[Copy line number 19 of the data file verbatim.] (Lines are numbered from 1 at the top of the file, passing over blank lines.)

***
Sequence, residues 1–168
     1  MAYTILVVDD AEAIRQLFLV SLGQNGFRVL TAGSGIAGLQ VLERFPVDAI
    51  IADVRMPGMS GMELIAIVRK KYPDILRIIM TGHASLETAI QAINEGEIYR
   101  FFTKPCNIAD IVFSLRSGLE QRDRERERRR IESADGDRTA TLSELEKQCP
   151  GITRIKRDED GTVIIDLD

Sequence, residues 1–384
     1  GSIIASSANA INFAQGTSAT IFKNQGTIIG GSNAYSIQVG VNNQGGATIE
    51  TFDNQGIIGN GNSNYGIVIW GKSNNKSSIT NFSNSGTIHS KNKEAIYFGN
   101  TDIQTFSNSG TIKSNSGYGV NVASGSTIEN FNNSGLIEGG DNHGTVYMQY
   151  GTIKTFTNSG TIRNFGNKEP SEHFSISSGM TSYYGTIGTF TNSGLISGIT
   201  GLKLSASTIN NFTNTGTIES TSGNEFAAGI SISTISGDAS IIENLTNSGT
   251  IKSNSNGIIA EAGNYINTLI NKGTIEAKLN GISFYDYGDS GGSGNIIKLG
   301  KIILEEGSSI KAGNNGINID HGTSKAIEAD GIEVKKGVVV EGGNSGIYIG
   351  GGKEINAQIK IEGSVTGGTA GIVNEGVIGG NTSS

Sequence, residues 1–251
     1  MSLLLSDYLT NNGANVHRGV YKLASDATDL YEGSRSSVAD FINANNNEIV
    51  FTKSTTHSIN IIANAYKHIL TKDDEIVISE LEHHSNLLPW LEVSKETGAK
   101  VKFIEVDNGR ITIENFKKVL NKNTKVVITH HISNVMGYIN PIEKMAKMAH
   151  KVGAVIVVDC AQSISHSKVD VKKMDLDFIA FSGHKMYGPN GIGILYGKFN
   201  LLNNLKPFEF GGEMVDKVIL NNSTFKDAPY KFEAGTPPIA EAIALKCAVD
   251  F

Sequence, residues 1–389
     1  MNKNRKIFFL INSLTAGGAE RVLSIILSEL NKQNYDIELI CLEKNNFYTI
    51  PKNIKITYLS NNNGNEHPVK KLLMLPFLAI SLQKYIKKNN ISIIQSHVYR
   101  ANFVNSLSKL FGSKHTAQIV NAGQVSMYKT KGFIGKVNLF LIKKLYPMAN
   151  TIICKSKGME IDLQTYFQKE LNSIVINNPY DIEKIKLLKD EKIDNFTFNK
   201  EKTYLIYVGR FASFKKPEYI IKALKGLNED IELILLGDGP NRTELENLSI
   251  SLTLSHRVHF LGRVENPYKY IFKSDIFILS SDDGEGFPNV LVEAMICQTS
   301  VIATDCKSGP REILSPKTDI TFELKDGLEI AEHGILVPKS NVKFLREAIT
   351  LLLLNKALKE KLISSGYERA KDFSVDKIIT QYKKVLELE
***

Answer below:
   151  KVGAVIVVDC AQSISHSKVD VKKMDLDFIA FSGHKMYGPN GIGILYGKFN